Let's step into the sun.

SHELTON: Sure. Probably going into the press area.

SHAPIRO: Oh, yeah.

This whole cider thing started when the siblings gave their dad, who's now 93, an old, hand-cranked cider press for Father's Day years ago. It's irresistible to try out.

SHELTON: So apples, you feed by hand into this hopper. They're crushed by that wheel with the teeth on it because to get cider from apple, you got to get it into small chunks called pomace.

SHAPIRO: Today, the hand crank is more for display. The real cider-making process is far more high-tech.

SHELTON: Yeah. You almost need ear plugs. Some of us wear ear plugs when we're in here because when this is going, it's continuous. That's making all the noise, and this one makes a little bit noise. This is a pomace feed pump that we...

SHAPIRO: Pomace is the chunks of apples you said.

SHELTON: Right.

SHAPIRO: And what's through these doors?

SHELTON: This is going into the tank room. This is where we ferment.

SHAPIRO: Whoa.

SHELTON: Now we're in the winery.

SHAPIRO: This is awesome. This is like...

SHELTON: This is the same as a winery. This is why they say cider is a wine. It's classified as a wine. These are called white wine fermenters but - because cider is essentially white wine.

SHAPIRO: It looks like a chemistry lab in here.

SHELTON: There's chemistry involved in making cider. But I'm not saying I'm a chemist.

(LAUGHTER)

SHELTON: But you have to know a little bit about what you're doing. But really, cider just happens. If you press juice out of an apple, it ferments. And then the harder part is just being able to guide it to get a high-quality product in the bottle.

SHAPIRO: To find out what it tastes like out of the bottle, we head to the tasting room. Chuck pours a cider called Jupiter's Legacy. It's named after one of Thomas Jefferson's slaves, Jupiter Evans.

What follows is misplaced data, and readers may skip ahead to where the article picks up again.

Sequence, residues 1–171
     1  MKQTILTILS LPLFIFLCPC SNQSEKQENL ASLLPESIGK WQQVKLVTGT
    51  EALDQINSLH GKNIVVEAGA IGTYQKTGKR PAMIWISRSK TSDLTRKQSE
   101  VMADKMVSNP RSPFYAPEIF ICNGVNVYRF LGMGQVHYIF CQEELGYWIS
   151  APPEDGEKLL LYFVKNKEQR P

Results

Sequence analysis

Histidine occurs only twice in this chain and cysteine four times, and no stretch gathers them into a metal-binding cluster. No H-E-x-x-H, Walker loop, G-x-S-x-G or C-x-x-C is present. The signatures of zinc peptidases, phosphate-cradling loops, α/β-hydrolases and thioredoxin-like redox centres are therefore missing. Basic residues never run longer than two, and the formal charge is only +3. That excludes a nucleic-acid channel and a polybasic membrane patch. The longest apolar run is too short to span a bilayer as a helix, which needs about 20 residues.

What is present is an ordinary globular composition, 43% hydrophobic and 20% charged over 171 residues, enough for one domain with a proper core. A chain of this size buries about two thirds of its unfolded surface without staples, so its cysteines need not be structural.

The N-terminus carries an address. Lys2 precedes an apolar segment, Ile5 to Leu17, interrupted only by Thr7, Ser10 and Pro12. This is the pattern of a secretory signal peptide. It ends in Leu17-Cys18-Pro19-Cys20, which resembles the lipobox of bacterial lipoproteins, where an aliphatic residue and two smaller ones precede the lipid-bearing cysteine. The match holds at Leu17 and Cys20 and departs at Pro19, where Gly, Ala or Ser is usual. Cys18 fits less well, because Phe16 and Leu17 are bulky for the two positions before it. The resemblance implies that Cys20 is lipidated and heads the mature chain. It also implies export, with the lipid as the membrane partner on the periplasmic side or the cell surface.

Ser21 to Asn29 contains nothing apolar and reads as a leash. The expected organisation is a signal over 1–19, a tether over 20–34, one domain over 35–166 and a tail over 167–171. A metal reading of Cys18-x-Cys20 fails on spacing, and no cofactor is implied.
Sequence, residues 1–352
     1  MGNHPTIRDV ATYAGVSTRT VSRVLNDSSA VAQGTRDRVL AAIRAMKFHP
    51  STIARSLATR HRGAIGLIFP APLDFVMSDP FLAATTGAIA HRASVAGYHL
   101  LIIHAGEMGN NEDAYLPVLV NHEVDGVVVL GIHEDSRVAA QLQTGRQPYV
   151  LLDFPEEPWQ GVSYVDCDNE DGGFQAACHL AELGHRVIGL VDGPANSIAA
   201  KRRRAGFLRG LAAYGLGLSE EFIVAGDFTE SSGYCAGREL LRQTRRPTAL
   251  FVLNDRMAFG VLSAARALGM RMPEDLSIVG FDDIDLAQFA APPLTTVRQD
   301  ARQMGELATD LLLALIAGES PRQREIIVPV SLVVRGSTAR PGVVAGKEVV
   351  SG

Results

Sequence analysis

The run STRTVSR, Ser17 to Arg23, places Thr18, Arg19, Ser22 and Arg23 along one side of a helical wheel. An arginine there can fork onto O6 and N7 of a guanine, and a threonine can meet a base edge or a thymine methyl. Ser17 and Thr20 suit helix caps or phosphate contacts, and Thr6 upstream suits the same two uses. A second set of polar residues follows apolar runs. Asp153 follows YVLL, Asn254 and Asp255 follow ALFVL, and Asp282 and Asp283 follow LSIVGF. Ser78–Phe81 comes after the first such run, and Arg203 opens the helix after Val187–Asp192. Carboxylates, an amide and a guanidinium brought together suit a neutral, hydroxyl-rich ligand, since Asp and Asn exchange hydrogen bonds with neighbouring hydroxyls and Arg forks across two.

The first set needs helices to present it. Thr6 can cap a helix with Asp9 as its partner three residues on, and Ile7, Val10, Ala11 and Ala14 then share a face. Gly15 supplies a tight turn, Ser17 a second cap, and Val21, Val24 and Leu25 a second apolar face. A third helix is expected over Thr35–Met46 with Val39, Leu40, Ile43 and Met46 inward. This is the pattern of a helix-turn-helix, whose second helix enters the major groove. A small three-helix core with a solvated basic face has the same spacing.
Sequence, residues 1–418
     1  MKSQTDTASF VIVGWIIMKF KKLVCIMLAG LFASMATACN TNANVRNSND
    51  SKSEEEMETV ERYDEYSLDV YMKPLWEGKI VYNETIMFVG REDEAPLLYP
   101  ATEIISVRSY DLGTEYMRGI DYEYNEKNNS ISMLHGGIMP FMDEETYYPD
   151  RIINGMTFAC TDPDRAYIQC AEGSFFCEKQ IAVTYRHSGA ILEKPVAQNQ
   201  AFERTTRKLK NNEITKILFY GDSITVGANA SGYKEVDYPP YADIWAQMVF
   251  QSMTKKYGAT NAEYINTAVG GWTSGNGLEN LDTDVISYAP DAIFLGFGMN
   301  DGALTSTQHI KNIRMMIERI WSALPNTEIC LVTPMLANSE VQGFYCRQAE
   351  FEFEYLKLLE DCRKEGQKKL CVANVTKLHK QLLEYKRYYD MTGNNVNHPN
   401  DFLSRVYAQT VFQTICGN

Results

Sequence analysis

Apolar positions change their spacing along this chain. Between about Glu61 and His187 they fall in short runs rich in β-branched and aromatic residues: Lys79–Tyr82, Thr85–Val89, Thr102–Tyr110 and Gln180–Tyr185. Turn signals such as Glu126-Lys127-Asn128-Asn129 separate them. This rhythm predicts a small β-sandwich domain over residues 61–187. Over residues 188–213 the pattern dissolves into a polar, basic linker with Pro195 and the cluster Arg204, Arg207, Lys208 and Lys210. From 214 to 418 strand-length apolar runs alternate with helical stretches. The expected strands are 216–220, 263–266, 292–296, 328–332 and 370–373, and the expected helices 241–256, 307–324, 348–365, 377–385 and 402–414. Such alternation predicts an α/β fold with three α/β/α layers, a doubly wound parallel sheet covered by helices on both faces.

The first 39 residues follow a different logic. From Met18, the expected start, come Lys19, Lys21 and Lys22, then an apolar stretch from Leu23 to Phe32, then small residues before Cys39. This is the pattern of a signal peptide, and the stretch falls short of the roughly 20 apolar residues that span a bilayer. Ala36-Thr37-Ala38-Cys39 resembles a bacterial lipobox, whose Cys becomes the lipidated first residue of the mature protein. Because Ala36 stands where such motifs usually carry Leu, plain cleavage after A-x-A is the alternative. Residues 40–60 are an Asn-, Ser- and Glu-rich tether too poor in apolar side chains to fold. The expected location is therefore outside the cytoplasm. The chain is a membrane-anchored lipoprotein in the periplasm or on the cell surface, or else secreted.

SHELTON: Jupiter passed away, I think, in 1798 and things started - bad started happening with the cider and like they bottled too early, and the bottles were exploding. So Jefferson wrote this letter, you need to find someone with the skills necessary to take over the bottling because we can't have our cider, you know, crop exploding. So there's a letter to that effect. And we call it Jupiter's Legacy.

SHAPIRO: Let's give it a taste.

SHELTON: Sure.

SHAPIRO: Cheers.

The apples are sweet but none of that sweetness comes across in the cider. All that yummy sugar in the fruit turns into yummy alcohol during the fermentation process.

If I had grown up drinking six packs of hard cider and a pint of cider over the bar and I showed up at a supermarket and bought this without knowing what was inside the bottle, I'd be pretty shocked when I first tasted it.

SHELTON: Well, that's true statement. People come in here and haven't had cider other than those ciders of macro or commercial ciders. And they said, ooh, and...

SHAPIRO: And do you get people making a face and walking out?

SHELTON: Very few. Most people come in here and buy a bottle. Now maybe that's just being courteous for taking up your time, but a lot of people buy two or three bottles. But when they do that, they actually like something it seemed. And when they buy a case, well, you know they really like it. When they come back over and over, that's even more rewarding.

SHAPIRO: Chuck Shelton of Albemarle CiderWorks. So when you're ladling out your turkey soup or piling up your turkey sandwich, maybe now you'll think about a new old American drink to go with it: cider. Transcript provided by NPR, Copyright NPR.